Saturday, October 31, 2015
Right now voters look at the presidential race and think they’re damned if they do, damned if they don’t.
Hillary Clinton and Donald Trump lead the contests for the Democratic and Republican presidential nominations, but most voters don’t trust either one of them.
Just 52% of Republicans think the candidates running for their party’s nomination are a good cross-section of voter attitudes in the GOP. Conservatives are a lot happier with the candidates, though, than moderates and liberals are.
No wonder looking ahead to next year’s presidential contest, most voters expect more of the same: Two candidates with whom they have very little in common.
Wednesday night’s Republican presidential debate was a textbook example of the media bias voters have complained about in surveys for years.
The budget plan negotiated by Democrats and GOP congressional leaders and passed Thursday by the House despite strong conservative opposition is just the kind of thing feeding Republican voter support for outsider candidates like Trump and Ben Carson, the ones who haven’t held office before.
Wisconsin Congressman Paul Ryan was elected speaker of the House on Thursday to replace John Boehner. But a plurality (45%) of voters doesn’t expect a Ryan speakership to be much of a change.
Clinton continues to receive millions in campaign contributions to fuel her bid for the White House; Trump’s campaign is almost entirely self-financed. Most voters continue to believe the government should regulate campaign contributions, but they also still feel that publishing the names of all contributors is more important than limiting what they give.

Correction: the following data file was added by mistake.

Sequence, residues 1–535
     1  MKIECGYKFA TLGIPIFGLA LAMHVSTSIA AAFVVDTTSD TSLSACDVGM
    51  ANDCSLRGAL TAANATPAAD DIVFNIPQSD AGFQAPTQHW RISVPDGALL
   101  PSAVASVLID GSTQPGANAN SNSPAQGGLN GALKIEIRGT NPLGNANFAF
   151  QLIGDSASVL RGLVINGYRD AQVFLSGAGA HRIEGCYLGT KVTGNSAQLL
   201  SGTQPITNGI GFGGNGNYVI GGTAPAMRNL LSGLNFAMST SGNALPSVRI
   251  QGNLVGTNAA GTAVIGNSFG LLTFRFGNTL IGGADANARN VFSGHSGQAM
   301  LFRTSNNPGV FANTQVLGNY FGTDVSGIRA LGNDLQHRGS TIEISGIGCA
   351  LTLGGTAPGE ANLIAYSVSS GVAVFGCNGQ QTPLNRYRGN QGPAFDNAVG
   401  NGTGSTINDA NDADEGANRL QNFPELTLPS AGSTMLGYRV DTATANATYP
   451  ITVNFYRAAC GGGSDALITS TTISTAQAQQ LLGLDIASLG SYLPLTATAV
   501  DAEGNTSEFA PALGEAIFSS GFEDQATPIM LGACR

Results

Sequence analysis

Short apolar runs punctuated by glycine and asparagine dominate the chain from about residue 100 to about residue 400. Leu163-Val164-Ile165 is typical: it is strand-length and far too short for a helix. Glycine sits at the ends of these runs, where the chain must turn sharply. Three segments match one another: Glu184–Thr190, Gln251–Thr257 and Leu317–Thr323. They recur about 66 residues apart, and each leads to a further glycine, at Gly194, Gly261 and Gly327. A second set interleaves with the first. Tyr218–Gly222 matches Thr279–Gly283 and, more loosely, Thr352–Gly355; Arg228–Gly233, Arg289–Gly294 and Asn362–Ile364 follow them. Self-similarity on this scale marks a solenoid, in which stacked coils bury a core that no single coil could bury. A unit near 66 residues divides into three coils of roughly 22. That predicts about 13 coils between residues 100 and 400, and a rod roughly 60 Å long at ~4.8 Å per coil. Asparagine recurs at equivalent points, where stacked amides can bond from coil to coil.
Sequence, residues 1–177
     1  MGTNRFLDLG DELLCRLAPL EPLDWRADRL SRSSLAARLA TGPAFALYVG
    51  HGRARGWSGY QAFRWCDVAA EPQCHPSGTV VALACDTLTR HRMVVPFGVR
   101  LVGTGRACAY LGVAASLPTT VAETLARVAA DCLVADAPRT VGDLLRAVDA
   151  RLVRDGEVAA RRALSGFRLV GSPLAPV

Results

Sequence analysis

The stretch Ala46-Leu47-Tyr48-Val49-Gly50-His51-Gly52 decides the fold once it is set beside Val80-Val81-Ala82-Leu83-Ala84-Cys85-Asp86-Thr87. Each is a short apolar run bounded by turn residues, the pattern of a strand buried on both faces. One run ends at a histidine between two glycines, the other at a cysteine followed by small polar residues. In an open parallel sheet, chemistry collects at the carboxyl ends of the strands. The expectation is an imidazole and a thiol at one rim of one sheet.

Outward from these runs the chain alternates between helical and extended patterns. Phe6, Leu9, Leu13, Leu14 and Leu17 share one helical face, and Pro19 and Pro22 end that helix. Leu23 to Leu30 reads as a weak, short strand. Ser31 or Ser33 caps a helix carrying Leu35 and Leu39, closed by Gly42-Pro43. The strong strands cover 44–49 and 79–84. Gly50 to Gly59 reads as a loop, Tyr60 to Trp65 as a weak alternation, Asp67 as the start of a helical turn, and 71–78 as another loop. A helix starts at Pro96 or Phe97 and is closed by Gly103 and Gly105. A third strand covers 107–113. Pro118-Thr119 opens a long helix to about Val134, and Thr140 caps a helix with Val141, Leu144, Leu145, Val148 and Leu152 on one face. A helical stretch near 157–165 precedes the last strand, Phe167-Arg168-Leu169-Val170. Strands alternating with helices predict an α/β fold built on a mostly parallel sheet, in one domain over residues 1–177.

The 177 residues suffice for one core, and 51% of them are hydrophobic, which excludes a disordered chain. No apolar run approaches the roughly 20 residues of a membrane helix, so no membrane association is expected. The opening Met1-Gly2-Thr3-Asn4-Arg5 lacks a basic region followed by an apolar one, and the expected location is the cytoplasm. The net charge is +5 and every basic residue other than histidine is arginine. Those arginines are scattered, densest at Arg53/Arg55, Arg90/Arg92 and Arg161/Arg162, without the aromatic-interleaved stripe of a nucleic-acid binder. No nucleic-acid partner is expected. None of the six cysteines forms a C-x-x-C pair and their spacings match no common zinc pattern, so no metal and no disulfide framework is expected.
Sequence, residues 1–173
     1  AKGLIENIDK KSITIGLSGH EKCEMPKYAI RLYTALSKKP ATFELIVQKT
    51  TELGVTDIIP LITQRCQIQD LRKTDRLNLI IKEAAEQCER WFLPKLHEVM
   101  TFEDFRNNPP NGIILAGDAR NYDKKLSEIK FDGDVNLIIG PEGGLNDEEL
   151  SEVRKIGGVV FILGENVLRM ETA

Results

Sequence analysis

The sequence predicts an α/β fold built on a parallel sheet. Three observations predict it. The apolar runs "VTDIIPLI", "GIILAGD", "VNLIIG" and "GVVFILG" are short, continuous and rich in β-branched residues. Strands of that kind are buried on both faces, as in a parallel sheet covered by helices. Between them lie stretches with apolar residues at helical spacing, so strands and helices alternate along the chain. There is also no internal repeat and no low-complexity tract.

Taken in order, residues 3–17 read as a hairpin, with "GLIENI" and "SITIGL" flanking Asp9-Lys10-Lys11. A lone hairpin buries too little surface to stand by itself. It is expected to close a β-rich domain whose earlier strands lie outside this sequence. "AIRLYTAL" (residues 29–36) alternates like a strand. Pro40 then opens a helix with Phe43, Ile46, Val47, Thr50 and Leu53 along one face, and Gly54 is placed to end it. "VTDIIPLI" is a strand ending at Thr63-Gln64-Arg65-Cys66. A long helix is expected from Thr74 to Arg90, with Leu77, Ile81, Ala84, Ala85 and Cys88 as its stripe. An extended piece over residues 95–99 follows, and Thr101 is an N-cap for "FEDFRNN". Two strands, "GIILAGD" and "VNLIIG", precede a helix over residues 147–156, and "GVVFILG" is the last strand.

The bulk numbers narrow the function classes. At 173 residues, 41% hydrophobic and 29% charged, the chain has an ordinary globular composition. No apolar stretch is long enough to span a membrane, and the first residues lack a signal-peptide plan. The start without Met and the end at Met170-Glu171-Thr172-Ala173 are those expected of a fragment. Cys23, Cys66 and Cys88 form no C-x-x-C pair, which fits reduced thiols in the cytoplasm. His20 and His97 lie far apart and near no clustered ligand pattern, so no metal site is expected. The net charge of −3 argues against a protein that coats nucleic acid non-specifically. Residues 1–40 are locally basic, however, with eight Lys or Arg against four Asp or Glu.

Looking for a big difference between the two major political parties? Most Democrats view socialism favorably; most Republicans do not.
Voters still think policies that are pro-free market are important for the economy, but are they more important than those that reduce the income gap between rich and poor?
Hard work used to be synonymous with some degree of success, but most voters think the economy now frowns on those who work hard in this country.
Just 32% of voters believe the government should require every American to buy or obtain health insurance as is now required under President Obama’s new national health care law. That’s the lowest level of support to date.
The president’s daily job approval rating continues to track in the negative teens.
In other surveys last week:
-- Twenty-seven percent (27%) now think the country is heading in the right direction.
-- Daylight Saving Time ends tonight, and most Americans will remember to change their clocks. But not all will change them the right way.
-- Is America a healthy nation? Is it getting healthier? We decided to find out what America thinks.
-- Halloween isn't an important holiday to most Americans, but they still think kids should be able to celebrate it in the schools.
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